So you either have to measure this yourself or significantly derate the transformers. This is why it is usually not good to spec the VA of a transformer near what steady state ohms law calculations say. Exactly how much? Who knows, it can vary all over the place depending on the circuit and the transformer. Some people say you should rate the transformer at 1.5 what the simple calculations say. Most of the time that works pretty well, but not always.

 

Several years ago I was working on a fairly high power PS design and decided to go with the empirical approach, I ordered a whole bunch of different transformers and tried them out in the real circuit. I found that most of the EI transformers were very close to their rated VA (almost no margin). Many of the large high power toroids  had fairly large margins. Thus for similarly speced transformers I got much better performance from the toroids. Thus for the specific PS design I was able to get good performance (properly handling high current pulses) from a toroid with a lower VA than a EI. This meant the toroid transformer was much cheaper.

 

On the issue of high frequency passing from one winding to another, a basic toroid has much more capacitance than a split bobbin EI. But you have to be sure the EI is split bobbin. This can mostly be alleviated by a toroid with a shield between windings. I found in my tests that a toroid with inter winding shield fared just as good as the split winding EI, and given the much lower price, it was the way to go.

 

For lower power PS I found the opposite. For some reason the small toroids were not nearly as good as the large ones. So for me at least I would go with a split bobbin EI for lower power (say less than 30 watts) but derate it to 1.5 simple calulations (say 48 VA instead of 30VA) and an inter winding shielded toroid for larger supplies.  Of course that is not always true for all designs.

 

I would not swap out a transformer in an existing design unless you really know what you are doing and can measure what is happening. There are so many ways you can make it worse, and only a few that will make it better, its usually not good odds of accidentally finding the better.

 

John S.

many thanks for this splendid analysis, some of which I understand (LOL), and this confirms what I thought in post #11, i.e. better not to tamper, better to leave it as it was designed! Subjectively to my ears personally, this does improve sound quality compared to the wall wart! I should hope that it would considering that it cost like £150 more than the £5 wart wart (LOL)!

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1 hour ago, JohnSwenson said:

There is no way to make a general "one is always better than the other". There is far more to a power transformer than just if it is EI or toroid. How the design handles high current pulses (does the magnetic circuit saturate) is very important for most linear supplies. The standard way these supplies work (large cap after diode bridge) produces high current pulses at the peaks of the waveforms, the transformer needs to be able to handle these. NOBODY specs this for power transformers.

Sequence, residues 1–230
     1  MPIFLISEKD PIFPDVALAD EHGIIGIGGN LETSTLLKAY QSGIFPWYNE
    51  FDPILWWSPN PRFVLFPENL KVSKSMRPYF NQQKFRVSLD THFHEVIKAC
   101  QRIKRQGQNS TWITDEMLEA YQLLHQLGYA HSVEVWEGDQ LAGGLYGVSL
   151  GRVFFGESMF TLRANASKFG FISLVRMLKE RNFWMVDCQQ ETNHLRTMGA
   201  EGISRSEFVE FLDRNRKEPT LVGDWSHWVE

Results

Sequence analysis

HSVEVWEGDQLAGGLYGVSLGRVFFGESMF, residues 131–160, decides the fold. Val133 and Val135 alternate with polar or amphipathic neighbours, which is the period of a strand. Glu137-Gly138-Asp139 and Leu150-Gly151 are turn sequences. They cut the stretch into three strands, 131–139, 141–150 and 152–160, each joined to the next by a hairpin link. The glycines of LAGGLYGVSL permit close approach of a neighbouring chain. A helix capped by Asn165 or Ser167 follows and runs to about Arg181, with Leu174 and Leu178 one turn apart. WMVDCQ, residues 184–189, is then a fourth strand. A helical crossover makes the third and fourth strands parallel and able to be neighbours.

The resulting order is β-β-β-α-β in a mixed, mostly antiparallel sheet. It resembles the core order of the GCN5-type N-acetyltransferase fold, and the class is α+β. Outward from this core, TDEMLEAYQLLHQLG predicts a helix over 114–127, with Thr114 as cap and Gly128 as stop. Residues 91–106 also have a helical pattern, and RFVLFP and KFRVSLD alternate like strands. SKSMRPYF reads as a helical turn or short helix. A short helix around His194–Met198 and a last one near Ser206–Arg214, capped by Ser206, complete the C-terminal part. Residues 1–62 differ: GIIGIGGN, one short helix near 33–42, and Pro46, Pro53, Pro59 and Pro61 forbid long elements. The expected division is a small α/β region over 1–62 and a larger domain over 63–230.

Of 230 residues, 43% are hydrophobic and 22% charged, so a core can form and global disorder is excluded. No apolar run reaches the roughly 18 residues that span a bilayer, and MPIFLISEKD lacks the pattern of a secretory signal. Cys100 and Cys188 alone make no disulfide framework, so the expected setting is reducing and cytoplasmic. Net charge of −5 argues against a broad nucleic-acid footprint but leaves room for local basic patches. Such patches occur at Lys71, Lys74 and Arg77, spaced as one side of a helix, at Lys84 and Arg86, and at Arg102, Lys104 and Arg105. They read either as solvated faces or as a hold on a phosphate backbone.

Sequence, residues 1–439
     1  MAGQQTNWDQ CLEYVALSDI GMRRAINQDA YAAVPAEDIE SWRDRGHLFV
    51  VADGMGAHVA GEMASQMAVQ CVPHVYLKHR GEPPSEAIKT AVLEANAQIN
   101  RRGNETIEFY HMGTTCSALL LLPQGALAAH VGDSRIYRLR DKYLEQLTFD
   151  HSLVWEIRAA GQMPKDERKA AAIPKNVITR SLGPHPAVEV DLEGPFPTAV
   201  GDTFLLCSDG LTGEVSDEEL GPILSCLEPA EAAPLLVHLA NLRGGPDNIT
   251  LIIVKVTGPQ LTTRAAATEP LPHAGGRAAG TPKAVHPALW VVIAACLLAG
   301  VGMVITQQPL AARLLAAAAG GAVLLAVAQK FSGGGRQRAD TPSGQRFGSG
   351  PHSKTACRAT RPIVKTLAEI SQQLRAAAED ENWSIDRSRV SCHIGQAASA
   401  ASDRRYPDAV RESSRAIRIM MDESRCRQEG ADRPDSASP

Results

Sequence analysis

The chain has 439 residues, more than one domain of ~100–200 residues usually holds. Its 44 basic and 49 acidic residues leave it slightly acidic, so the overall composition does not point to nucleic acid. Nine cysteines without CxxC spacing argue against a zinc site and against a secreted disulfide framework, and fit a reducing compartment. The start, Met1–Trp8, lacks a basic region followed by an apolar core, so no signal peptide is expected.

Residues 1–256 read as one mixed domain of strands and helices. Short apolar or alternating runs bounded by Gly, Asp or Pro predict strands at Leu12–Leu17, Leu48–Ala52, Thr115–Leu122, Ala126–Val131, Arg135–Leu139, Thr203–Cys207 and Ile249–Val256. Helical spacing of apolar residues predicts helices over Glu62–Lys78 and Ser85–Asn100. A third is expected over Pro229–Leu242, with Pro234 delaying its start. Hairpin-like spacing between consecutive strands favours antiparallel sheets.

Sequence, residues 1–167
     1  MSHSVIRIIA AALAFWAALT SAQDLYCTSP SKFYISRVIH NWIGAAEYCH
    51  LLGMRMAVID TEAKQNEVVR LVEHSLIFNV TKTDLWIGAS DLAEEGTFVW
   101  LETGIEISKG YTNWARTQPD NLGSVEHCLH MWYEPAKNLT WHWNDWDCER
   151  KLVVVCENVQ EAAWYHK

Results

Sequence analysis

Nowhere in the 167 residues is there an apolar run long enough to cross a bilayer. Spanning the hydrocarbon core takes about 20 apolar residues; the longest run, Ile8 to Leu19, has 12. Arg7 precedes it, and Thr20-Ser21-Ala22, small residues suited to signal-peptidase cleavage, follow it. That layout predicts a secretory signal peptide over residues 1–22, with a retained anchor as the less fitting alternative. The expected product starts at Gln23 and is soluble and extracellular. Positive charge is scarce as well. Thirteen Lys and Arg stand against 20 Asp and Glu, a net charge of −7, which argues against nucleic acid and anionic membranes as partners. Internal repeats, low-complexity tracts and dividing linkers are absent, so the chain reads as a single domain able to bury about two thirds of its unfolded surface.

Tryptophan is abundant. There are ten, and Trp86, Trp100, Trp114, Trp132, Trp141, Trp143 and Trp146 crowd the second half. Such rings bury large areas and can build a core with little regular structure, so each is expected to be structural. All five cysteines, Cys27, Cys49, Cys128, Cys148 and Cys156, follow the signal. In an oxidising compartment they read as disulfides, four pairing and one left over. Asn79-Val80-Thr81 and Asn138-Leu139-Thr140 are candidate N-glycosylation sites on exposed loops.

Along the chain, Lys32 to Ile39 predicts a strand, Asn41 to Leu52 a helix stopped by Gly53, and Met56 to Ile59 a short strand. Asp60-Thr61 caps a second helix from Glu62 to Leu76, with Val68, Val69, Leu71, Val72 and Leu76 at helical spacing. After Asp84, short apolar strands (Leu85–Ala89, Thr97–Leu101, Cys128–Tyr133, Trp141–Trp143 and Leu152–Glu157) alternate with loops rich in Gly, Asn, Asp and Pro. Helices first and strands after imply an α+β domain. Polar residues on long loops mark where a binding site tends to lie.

So you either have to measure this yourself or significantly derate the transformers. This is why it is usually not good to spec the VA of a transformer near what steady state ohms law calculations say. Exactly how much? Who knows, it can vary all over the place depending on the circuit and the transformer. Some people say you should rate the transformer at 1.5 what the simple calculations say. Most of the time that works pretty well, but not always.

 

Several years ago I was working on a fairly high power PS design and decided to go with the empirical approach, I ordered a whole bunch of different transformers and tried them out in the real circuit. I found that most of the EI transformers were very close to their rated VA (almost no margin). Many of the large high power toroids  had fairly large margins. Thus for similarly speced transformers I got much better performance from the toroids. Thus for the specific PS design I was able to get good performance (properly handling high current pulses) from a toroid with a lower VA than a EI. This meant the toroid transformer was much cheaper.

 

On the issue of high frequency passing from one winding to another, a basic toroid has much more capacitance than a split bobbin EI. But you have to be sure the EI is split bobbin. This can mostly be alleviated by a toroid with a shield between windings. I found in my tests that a toroid with inter winding shield fared just as good as the split winding EI, and given the much lower price, it was the way to go.

 

For lower power PS I found the opposite. For some reason the small toroids were not nearly as good as the large ones. So for me at least I would go with a split bobbin EI for lower power (say less than 30 watts) but derate it to 1.5 simple calulations (say 48 VA instead of 30VA) and an inter winding shielded toroid for larger supplies.  Of course that is not always true for all designs.

 

I would not swap out a transformer in an existing design unless you really know what you are doing and can measure what is happening. There are so many ways you can make it worse, and only a few that will make it better, its usually not good odds of accidentally finding the better.

 

John S.

you have supplied the only convincing argument against replacing the transformer, better not to meddle and possibly degrade the power supplies efficiency by marrying a transformer to a PCB that it wasn't designed for! -   ...yes?